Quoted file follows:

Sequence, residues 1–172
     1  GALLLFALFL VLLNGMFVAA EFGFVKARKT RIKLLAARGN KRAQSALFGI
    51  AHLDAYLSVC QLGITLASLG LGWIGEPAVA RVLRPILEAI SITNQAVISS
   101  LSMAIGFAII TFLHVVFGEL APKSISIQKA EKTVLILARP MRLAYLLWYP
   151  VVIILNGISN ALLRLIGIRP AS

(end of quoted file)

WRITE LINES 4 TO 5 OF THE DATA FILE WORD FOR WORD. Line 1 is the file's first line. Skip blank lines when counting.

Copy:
   101  LSMAIGFAII TFLHVVFGEL APKSISIQKA EKTVLILARP MRLAYLLWYP
   151  VVIILNGISN ALLRLIGIRP AS